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Feb 13, 2016 06:48 AM EST

Women ignore symptoms of heart disease

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A new study has revealed that women tend to ignore the warning signals of a heart disease, Atlanta Blackstar reports.

The American Heart Association says while a lot of attention is given to men in the prevention and treatment of heart disease, there is still significant work to be done in educating women about the detection and treatment of heart disease.

Every year, 53,000 women in the United States die from a heart attack.

Medical experts believe that women have heart disease symptoms that men do not.

The most common symptom of a heart attack is chest discomfort or pain.

However, medical experts say that women are more likely to experience nausea, shortness of breath, vomiting and pain in the jaw or back. Women may also experience heart palpitations or a feeling of dread when they are having a heart attack.

Dr. Laxmi Mehta, director of the Women's Cardiovascular Health Program at The Ohio State University, said that "despite stunning improvements in cardiovascular deaths over the last decade, women still fare worse than men, and heart disease in women remains undiagnosed and under-treated, especially among African-American women."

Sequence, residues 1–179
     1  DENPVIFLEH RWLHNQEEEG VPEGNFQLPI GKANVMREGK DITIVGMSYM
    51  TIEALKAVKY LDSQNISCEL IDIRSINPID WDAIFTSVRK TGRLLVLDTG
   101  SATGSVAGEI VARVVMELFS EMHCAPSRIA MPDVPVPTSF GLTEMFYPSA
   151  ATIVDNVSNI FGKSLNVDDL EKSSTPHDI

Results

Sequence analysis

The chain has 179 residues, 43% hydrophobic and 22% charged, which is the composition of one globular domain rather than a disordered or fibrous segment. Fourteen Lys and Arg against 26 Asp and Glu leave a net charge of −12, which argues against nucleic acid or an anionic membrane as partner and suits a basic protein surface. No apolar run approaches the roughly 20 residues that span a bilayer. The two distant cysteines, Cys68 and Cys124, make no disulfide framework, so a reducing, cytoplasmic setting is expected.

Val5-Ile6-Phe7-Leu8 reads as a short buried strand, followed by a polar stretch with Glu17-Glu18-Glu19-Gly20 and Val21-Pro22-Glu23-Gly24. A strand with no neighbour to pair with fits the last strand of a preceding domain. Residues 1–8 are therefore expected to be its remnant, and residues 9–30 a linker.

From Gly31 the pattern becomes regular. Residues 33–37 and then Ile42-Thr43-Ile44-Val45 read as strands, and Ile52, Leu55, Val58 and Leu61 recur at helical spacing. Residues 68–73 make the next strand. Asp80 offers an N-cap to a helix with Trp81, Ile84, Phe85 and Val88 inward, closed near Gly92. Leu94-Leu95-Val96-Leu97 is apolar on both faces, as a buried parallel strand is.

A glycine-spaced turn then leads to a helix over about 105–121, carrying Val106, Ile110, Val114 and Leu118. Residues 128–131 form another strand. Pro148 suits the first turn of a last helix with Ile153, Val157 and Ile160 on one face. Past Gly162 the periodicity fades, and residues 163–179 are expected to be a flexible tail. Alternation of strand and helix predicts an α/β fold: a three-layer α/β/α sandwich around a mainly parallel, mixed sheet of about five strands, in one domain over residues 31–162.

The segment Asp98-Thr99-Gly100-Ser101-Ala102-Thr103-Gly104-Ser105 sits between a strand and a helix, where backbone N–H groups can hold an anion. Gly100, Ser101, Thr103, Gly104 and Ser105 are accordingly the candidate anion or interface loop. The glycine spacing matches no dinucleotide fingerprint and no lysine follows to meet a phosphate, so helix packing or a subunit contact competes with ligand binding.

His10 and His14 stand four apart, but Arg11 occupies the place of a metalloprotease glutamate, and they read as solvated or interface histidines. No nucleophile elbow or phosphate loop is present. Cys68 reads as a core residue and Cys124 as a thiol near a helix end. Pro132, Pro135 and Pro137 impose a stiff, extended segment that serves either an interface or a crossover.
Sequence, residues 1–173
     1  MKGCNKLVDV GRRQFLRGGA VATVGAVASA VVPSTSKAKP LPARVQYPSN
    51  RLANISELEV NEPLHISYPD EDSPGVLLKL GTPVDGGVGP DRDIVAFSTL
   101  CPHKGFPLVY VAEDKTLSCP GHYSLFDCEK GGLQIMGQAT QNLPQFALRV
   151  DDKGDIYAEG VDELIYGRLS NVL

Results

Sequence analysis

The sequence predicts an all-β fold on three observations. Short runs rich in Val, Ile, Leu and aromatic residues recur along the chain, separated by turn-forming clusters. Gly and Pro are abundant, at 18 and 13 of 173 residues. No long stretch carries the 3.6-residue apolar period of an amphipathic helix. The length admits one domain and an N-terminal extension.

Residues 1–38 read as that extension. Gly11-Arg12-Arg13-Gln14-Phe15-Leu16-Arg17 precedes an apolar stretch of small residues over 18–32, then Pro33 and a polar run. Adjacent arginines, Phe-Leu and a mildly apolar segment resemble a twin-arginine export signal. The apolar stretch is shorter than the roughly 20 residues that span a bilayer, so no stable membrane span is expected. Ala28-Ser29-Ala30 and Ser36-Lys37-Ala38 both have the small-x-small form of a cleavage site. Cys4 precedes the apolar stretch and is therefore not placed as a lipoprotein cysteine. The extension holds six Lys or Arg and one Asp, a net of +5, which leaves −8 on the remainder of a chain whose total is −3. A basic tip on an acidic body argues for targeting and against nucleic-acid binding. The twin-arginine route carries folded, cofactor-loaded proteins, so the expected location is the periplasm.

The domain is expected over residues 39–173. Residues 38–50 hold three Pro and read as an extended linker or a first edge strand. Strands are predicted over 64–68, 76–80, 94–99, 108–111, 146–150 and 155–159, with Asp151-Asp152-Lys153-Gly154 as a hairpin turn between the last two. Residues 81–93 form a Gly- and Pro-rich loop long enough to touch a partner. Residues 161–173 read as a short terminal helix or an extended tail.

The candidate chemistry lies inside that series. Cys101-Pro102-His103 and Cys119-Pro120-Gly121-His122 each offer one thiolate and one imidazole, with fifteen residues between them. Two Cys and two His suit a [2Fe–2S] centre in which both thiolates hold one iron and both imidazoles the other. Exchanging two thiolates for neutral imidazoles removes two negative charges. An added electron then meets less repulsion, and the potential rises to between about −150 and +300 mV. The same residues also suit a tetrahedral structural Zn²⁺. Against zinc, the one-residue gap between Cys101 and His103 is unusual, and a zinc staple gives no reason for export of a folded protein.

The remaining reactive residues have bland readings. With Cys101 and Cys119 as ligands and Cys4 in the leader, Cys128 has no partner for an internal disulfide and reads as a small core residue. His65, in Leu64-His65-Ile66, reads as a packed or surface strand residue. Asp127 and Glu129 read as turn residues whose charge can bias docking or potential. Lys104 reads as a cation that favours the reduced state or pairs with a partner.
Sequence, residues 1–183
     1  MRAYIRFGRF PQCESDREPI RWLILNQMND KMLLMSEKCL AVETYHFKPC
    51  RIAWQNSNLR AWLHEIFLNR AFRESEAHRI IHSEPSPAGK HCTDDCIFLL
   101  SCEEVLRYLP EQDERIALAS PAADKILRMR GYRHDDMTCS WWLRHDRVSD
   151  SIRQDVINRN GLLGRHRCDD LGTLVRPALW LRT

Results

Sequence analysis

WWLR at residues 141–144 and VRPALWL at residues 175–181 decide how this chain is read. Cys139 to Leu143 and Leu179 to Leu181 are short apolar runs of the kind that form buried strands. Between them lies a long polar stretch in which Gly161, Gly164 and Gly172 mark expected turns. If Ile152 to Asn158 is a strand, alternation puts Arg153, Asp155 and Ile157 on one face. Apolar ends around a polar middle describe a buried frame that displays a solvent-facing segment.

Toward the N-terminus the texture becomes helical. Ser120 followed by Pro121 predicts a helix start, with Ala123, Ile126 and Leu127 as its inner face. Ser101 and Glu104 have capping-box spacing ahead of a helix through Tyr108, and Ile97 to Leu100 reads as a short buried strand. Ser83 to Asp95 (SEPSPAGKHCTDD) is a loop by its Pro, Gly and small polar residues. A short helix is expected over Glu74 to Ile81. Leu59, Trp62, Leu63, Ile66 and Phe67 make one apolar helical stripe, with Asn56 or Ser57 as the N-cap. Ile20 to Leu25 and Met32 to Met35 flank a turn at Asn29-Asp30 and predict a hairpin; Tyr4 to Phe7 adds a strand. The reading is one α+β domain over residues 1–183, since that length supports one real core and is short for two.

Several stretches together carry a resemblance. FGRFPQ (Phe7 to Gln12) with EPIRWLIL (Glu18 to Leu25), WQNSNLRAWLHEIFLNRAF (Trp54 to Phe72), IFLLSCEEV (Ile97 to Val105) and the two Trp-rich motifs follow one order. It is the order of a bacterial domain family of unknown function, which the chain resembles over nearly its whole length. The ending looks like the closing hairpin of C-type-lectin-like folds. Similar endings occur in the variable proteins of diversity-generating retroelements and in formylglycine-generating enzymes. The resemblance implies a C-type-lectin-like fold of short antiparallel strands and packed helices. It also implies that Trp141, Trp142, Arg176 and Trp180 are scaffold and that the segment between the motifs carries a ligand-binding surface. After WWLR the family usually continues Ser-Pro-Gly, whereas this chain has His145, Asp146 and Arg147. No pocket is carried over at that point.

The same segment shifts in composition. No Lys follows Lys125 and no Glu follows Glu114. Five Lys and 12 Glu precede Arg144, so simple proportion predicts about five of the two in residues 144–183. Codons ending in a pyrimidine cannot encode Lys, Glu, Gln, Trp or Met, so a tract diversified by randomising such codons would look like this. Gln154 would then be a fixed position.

Mehta was the writing team leader for the first written work by the AHA that solely focused on heart disease and women.

The primary cause of heart attacks, in both men and women, are blocked arteries, even though the blockage forms differently in women than in men. Even though women have less severe blockages than men, there is significant damage in the arteries that carry blood to the heart.

According to the AHA, 26 percent of women die within a year of having their first heart attack, as compared to 19 percent of men since they do not receive a proper diagnosis from the doctor.

Also, 40 percent of the people who die suddenly from a heart attack or heart-related event are women.

Additionally, heart attacks in young women are more severe than the heart attacks suffered by young men. Research also shows that women wait too long to seek medical attention, when they are having a heart attack. 

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